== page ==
Let us first look at the Holy Family for inspirations. While the Holy Family may seem like an unreachable ideal for some, the circumstances faced by the Holy Family in life are more than relatable. Life got real very quickly for the Holy Family: Joseph had to leave his home country with his young family in order to avoid persecution; their only child was lost for three days during a family trip, and talked back at them upon being found. While many things can be distilled from these events, let us focus on one: Listening. Joseph listened to the voice of God through the angel and fled to Egypt (Matthew 2:13-14); Mary listened to Jesus after three distressing days of seeking but not finding (Luke 2:51b). After the finding, Jesus returned to Nazareth with his parents and listened to them by being obedient (Luke 2:51a).
Listening needs to be understood in two ways: Listening to God through our prayers, and listening to the voice of God in others. Listening is truly an art, as we can have ears but not hear the voice of God (Mark 8:18). Even when we hear, we may not listen. In this day and age, we are easily distracted by many things, notably technology. You may have already been distracted by updates from your smartphone as you read this very reflection. In order to live a life of prayer and love within the context of the family through listening to the voice of God, we need to be very intentional about our use of technology, lest it become a hindrance rather than a help.
As we have learned from the example of the Holy Family, families are to become schools of true human growth not simply for the sake of the children. Mary listened to the words of Jesus even when he was twelve years old because she recognized something profound in his words. Young or old, we Christians are called to turn our hearts to God. As children learn from their parents, parents also learn from their children. The heartfelt and directed nature of a child’s prayer teaches us adults to be less guarded and abstract in our own prayers.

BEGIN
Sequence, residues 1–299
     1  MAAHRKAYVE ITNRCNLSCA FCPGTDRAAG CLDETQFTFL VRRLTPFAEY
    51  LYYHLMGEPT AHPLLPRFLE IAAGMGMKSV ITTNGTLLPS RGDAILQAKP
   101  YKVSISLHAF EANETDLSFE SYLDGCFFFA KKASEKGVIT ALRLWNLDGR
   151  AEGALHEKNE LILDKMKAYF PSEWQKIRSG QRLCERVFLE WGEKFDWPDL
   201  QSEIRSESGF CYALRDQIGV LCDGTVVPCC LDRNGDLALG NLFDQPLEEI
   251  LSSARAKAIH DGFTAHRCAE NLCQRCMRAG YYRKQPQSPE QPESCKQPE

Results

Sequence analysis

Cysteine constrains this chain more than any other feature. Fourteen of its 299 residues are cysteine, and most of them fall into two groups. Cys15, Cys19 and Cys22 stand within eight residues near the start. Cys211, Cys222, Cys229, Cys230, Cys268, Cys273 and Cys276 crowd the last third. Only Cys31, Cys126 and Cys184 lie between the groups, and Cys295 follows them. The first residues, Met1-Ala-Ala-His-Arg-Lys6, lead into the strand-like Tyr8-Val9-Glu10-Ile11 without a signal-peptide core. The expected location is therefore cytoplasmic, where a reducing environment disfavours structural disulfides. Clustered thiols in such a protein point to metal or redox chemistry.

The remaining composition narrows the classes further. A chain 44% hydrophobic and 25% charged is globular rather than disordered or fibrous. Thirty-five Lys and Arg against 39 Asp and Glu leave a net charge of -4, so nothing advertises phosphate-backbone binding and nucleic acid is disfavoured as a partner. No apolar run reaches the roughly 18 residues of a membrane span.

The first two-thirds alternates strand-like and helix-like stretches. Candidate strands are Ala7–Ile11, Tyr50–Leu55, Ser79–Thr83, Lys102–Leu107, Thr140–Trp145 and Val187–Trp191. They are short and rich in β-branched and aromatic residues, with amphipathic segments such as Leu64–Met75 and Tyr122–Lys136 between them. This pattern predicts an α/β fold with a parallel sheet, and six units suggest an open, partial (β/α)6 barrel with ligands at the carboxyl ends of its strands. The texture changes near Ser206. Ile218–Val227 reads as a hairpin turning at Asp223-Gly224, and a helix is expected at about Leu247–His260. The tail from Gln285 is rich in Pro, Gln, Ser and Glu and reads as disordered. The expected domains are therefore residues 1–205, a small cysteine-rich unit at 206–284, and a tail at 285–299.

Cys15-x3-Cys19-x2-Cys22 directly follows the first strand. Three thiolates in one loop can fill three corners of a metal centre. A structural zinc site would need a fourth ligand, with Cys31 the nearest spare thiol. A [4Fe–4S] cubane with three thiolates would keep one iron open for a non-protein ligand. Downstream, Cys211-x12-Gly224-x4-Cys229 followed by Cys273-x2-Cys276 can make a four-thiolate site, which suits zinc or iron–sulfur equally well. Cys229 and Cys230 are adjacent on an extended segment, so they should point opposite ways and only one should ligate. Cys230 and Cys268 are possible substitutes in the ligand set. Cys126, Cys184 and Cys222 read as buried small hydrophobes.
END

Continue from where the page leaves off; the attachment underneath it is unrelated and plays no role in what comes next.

The pivotal role of the family is especially highlighted in Pope Francis’ Apostolic Exhortation in 2016, Amoris Laetitia. Pope Francis cautions against the mentality that the formation of children can somehow be outsourced to places such as the church parish or the school. The lived, credible example of Christian love – especially that of family members – exerts the most influence on children. As such, families are truly the schools where the formation of the human person takes place.
How have I been challenged to make my family more of a school of true human growth? This question is just as pertinent to those of us who do not have a family of our own, especially when parental figures are not guaranteed in the fragile state of the modern family. We need not be parents or grandparents to be a credible example of Christian love to children; this is already possible when we find ourselves as aunts and uncles, or close family friends. With this in mind, how can I contribute to this effort of helping a family to become a school of true human growth with my extended family, or the families of my friends?